&#91NOTEBOOK&#93Korea’s image: In, out quickly

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&#91NOTEBOOK&#93Korea’s image: In, out quickly

The South Korean economy is looking pretty bleak, but one sector is turning active these days ― the stock market. Stock prices have been rising, even during the traditionally slow runup to the holiday season.
We have seen a string of yearly high marks in the market; prices are not advancing by leaps and bounds, but in a consistent series of small steps. Market experts say that latter trend is a sign of stability ― stock prices that soar can plummet easily, but slow steady rises carry a lesser risk of another slump.
For individual investors who have been depressed along with their portfolio, that is a long-unheard kind of good news. The government, anxious to stimulate the economy, also seems relieved at the recent stock market movements.
The leading role in this rising market is definitely foreign investors. While domestic institutional investors and individual investors were sitting on the fence, foreign investors voraciously bought stocks of Korean companies.
In the Korean stock market, the ratio of foreign investment is nearly 40 percent, the highest level in history. The Korean stock market without foreign investors is by now hard to imagine.
The reason the foreigners are buying Korean stocks is simple. They expect that the stocks will rise further in value in the future. Foreign investors who handle a huge sums internationally are not likely to have spent a large sum of money on Korean stocks if they feared losses. They have judged that Korean stocks are worth investing in after doing their own analysis.
Stocks are bought on the basis of future expectations; foreign investors must see a bright future for Korean companies.
But let’s look at another kind of foreign investors. Nestle, a world-famous food company, closed its workplaces during a tedious labor-management dispute, and says it is considering withdrawing its investment entirely. Foreign companies already here are trying to leave, so it seems implausible that there are many other companies interested in entering. Those thinking about withdrawing say they intend to go to China, where concerns about labor-management disputes do not exist and where labor costs are lower. There is no way to stop them.
The Korean government, in its urgency, even said that if companies would invest in Korea the government would return some of the invested amount in cash, but the measure would not seem sufficient to rekindle the interest of foreign direct investors who have lost their interest once.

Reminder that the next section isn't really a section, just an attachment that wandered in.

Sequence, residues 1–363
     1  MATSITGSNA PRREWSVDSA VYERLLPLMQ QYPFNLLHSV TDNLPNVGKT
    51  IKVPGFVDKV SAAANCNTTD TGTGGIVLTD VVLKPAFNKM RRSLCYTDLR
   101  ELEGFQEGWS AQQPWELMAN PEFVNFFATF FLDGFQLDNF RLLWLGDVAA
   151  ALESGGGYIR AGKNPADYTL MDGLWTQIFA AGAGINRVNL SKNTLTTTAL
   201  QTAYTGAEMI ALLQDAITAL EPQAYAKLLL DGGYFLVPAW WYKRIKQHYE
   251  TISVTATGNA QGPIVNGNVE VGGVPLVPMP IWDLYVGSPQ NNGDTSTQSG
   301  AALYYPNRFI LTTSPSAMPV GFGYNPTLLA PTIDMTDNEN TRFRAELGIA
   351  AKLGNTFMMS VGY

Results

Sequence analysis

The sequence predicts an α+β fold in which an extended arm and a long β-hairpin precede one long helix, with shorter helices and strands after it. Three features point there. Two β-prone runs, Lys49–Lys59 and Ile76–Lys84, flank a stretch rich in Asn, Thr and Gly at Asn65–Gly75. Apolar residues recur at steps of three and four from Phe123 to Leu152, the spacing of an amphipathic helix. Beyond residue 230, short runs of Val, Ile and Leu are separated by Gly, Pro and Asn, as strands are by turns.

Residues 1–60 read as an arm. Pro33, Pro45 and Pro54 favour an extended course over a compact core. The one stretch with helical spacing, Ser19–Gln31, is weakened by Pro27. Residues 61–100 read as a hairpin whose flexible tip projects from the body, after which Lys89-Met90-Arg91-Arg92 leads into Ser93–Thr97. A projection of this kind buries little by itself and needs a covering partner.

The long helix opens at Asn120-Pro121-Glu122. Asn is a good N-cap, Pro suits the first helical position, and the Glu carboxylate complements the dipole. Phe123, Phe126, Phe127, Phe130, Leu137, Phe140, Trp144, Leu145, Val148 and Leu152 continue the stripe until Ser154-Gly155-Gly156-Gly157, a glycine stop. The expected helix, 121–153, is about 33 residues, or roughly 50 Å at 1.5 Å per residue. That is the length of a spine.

This is all quite confusing. Who are the foreign investors coming in because they think the Korean stock market will be profitable, and who are the investors putting on their hats and leaving because they cannot do business in Korea? One of the two groups may be viewing things wrongly; but it is hard to know whether the prospects for the Korean economy are good or bad.
The differing investment attitudes of foreigners result from the differing characteristics of their investments. The bullish group is people who invest in securities. Although they buy ownership shares of companies, they do not intend to take over and run the company. Their objective is to make a profit by selling stocks when the prices rise. In most cases, these investors do not personally come to Korea, and only money goes in and out.
But the direct investors want to come into Korea and do business themselves here. They want to build factories on Korean land and hire Korean workers and produce things and sell them. They have to consider a great number of things before they come, not just whether a company’s shares will rise or fall. The characteristics of their investments are much different than those of stock investors, who can sell out and leave at a moment’s notice.
Let’s summarize this. Foreign investors who are looking for short-term profits are flocking to Korea, while foreigners who want to settle in here for the long run and do business with Koreans are turning their backs. Foreigners can trade Korean stocks by long-distance, but they feel uneasy and disinclined to come here and do business. That is the sentiment, the foreign perception, of the Korean economy today.

* The writer is business news editor of the JoongAng Ilbo.

by Kim Jong-soo
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